“Indigenous Peoples’ Day”
“Christopher” isn’t necessarily the worst Sopranos episode ever, but it is the most redundant. Did we really need a 54-minute diatribe on the dangers of Italian-American nationalism? Are we as an audience really so dumb that we need Tony Soprano to convince us that Christopher Columbus isn’t someone we should idolize?
In the eyes of series creator David Chase, yes, all of the above.
Even though Chase has always viewed his audience with contempt, he really should give us a little more credit. “Christopher” feels like we’re being talked down to — the rare Sopranos episode that is both preachy and pretentious. It tries to be topical but fails to resonate, and when it attempts sarcasm, it chooses to be earnest rather than ironic. The most clever thing about “Christopher” is the fact that the title refers to the 15th century Italian explorer rather than Christopher Moltisanti.
Whenever the series steps outside its comfort zone, it tends to come up short. Remember Massive Genius from season one and Jon Favreau in season two? Likewise, whenever The Sopranos provides social commentary on Italian pride, the dialogue rings hollow (e.g., “Italian Americans are extremely proud of Christopher Columbus: admiral of the ocean seas and a great Italian”).
Unfortunately, “Christopher” exemplifies the worst of both worlds: a shallow spotlight on Native Americans and a ham-fisted story about Columbus Day. And when it comes to depicting minorities, The Sopranos will always trail far behind The Wire.
It also doesn’t help that the main characters are all unrepentantly racist. Silvio Dante takes personal offense to a group of Native Americans protesting the local Columbus Day parade, which sets him off on an episode-long odyssey of blackmail and petty revenge. His plan falls apart when he discovers that everyone already knows Iron Eyes Cody was Sicilian.
Once again, Chase is deliberately trying to make us hate the characters by highlighting their immorality. However, the attempt falls flat due to the overall lack of quality. The action feels forced, the messaging too on-the-nose and the recycled thematic territory is akin to beating a dead horse.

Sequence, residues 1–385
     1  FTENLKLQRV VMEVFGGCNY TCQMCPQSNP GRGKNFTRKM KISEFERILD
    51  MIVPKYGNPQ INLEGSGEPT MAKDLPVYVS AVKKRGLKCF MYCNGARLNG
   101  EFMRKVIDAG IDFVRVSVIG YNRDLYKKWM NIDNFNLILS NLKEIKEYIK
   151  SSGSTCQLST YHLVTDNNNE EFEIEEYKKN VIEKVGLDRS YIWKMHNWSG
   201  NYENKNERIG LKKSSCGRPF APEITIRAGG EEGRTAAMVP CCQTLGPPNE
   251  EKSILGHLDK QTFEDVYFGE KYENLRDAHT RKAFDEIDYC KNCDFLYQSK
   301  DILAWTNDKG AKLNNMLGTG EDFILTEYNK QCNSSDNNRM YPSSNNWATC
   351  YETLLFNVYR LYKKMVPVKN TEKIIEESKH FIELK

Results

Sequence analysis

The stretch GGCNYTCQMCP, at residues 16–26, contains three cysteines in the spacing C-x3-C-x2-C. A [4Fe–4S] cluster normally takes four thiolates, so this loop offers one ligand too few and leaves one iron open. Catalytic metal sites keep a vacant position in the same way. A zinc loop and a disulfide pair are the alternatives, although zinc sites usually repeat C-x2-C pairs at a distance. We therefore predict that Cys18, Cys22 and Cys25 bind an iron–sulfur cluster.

Even the minority characters are stereotyped for the sake of advancing the storyline. It should come as no surprise that Del Redclay and Reuben the Cuban have nothing of substance to say.
The role of Italian-Americans in modern-day society is one of The Sopranos’ major themes, but usually the subject is shoehorned in as a subplot. “Christopher,” on the other hand, overwhelms us with its politics, and it seems that every character from AJ Soprano to Hesh Rabkin wants in on the action. We even get Dr. Melfi’s husband Richard spouting off his obligatory anti-Mafia propaganda (typical pretentious Richard remark: “[the race riot] could be scored with Albinono’s Adagio“).
But it doesn’t stop there — the episode references school textbooks, Star-Ledger articles and clips from The Montel Williams Show in an effort to drive its point home. Never before (and, thankfully, never again) will The Sopranos be so clumsily unambiguous.
Who’s to blame for this bungled attempt at social commentary? The episode is written by Michael Imperioli, yet despite the title, we don’t get much from Christopher Moltisanti. Likewise, Tony himself has only a small role. Therefore, the one who deserves criticism is Chase, especially considering that this is a creative reservoir he has returned to time and time again.
Meanwhile, the non-Columbus aspects of “Christopher” are also disjointed. Bobby Baccalieri’s wife, Karen, dies in a car accident, but the tragedy is undercut and brushed over in favor of the Italian pride storyline. Elsewhere, Janice Soprano goes to therapy and ends her sordid affair with Ralph Cifaretto. It seems the writers have grown bored with this sub-plot already (their relationship only lasted three episodes), and so it receives an unceremonious conclusion. But not before we’re subjected to the most revolting sex scene in television history, of course. The less said about Janice and Ralph’s sexual exploits, the better.